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Telecom stakeholders finger state governments as obstacle to FG’s 90,000km fibre project 

Stakeholders in the telecommunications industry have said the Federal Government’s plan to deploy 90,000 kilometers of fibre optic cables across the country will face several obstacles, especially from state governments, that might truncate the project.  

According to them, without addressing the current issue of Right of Way charges, multiple taxation, and levies, which are under the control of state governments, the project which is to be implemented through a Special Purpose Vehicle (SPV) would be an exercise in futility.  

The stakeholders, who spoke during the Sixth Edition of the Policy Implementation Assisted Forum (PIAFO) in Lagos on Wednesday, cited the botched InfraCo project initiated by the Nigerian Communications Commission (NCC) some years ago as an example of how the new initiative could end.  

Addressing the obstacles 

Presenting a paper on the topic, ‘Harmonizing Nigeria’s Fibre Deployment Strategies for Effective Implementation’ Executive Director of Broadbased Communications, Mr. Chidi Ibisi, while the government’s SPV initiative is a good plan that could help the country bridge its current digital infrastructure gap, the government would need to address current challenges.  

“The issues of high cost of Right of Way (RoW), destruction of fiber by road construction companies and vandals all need to be addressed for this new SPV initiative to be successful,” he said.  

Highlighting some of the challenges telecom operators face when deploying infrastructure, the Group Chief Operating Officer of WTES Projects Limited, Mr. Chidi Ajuzie, said the biggest challenge to fibre cable laying in Nigeria is the informal RoW by hoodlums in states.  

“For states, a formal right of way is set and some states are adopting it but the informal side of the right of way is where the complexity has come today.  

“If I’m trying to lay fibre in some communities here in Lagos, the first thing that happens is the so-called land owners (omo onile) come out and a different set of people will keep coming from one street to another and they charge you. How do we achieve adequate broadband infrastructure in this kind of situation?” he said.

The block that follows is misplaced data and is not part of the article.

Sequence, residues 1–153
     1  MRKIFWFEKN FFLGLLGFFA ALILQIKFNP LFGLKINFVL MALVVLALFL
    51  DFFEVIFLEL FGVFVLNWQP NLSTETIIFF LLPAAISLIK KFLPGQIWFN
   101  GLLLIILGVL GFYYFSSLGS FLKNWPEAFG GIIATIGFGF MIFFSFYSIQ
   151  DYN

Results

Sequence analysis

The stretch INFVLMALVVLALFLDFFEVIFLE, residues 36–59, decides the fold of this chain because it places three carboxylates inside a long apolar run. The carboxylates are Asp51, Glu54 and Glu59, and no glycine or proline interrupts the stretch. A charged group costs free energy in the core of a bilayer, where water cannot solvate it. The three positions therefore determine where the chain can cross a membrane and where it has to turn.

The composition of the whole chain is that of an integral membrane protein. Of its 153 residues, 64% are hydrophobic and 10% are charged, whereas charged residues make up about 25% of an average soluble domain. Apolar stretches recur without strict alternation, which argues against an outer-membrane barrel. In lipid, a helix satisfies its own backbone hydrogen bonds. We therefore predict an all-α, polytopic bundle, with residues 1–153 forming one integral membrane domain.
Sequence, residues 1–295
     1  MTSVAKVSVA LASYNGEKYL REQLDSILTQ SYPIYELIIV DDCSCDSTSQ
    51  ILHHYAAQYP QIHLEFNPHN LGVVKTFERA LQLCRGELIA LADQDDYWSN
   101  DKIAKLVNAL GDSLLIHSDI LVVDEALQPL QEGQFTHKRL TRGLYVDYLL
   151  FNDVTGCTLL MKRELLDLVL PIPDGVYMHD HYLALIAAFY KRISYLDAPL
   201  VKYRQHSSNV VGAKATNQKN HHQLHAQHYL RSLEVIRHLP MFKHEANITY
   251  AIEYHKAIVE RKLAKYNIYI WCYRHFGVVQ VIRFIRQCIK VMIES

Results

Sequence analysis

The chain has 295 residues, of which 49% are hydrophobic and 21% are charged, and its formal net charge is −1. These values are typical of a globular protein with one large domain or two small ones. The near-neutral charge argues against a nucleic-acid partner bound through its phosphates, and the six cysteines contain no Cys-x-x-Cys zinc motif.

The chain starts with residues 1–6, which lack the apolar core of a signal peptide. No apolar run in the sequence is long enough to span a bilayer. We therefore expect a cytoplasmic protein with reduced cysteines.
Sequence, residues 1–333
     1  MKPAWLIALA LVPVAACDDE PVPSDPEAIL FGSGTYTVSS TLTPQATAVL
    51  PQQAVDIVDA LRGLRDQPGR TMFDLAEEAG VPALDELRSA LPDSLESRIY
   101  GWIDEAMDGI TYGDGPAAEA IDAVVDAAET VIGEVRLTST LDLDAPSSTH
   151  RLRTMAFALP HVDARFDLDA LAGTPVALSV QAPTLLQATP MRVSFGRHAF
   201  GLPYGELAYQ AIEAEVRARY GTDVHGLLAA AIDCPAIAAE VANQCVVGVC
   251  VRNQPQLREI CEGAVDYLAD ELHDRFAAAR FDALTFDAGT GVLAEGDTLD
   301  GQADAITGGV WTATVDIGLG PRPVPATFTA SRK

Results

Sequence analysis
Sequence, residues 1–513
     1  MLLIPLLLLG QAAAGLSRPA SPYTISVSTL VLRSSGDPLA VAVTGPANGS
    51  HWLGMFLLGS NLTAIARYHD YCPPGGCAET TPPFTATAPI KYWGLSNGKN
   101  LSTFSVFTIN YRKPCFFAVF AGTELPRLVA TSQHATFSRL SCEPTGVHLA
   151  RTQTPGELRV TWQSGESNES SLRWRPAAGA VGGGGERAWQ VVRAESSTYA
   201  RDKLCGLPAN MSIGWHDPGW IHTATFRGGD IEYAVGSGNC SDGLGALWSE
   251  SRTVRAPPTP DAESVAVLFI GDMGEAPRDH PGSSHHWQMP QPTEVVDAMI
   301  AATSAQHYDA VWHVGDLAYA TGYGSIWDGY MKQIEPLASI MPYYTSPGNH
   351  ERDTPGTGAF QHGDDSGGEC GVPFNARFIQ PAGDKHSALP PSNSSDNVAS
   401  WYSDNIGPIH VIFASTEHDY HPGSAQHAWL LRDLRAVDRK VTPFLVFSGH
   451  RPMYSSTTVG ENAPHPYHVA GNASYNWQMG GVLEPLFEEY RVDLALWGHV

Role of state governments 

According to the Chairman of the Association of Licensed Telecommunications Operators of Nigeria (ALTON) Engr. Gbenga Adebayo, for the 90,000 kilimeters fibre project to succeed, the state governments have to take ownership. 

“For the project to succeed, I think the governments at sub-nationals should take ownership. This issue of state governments seeing right of way as IGR should be a thing of the past. We can’t talk about the digital economy on one side and the government is seeing those who provide the services as sources of revenue.  

“The government has always come up with good policies, but the implantation, particularly when they are tested far afield is the biggest problem. Governors will go to Abuja and say ‘in my state, I will give right of way free of charge.’  

“When you go to such state, they may give you right of way for zero or one Naira, but they will give you developmental levy, education levy, state impact levy, ecosystem levy. When you add all of these together, it is more than the right of way charges. So, who is playing who?” he said. 

Earlier in his opening address, the convener of PIAFo, Mr. Omobayo Azeez, said the conference was to create a midpoint dialogue platform for digital economy stakeholders across both the public and private divides to brainstorm, exchange perspectives, clear grey areas, harmonize thoughts and create a sense of collective responsibility towards accelerating our collective prosperity through technical efficiency. 

What you should know 

The Federal Government recently launched a Special Purpose Vehicle (SPV) for the delivery of an additional 90,000km of fibre optic cable to complement existing connectivity for universal access to the internet across Nigeria. 

According to the Minister of Communications, Innovation, and Digital Economy, Dr. Bosun Tijani, working with partners and stakeholders from the government and private sector, the SPV would build the additional fibre optic coverage required to take Nigeria’s connectivity backbone to a minimum of 125,000km, from the current coverage of about 35,000km.  


Source: Naijaonpoint.com.

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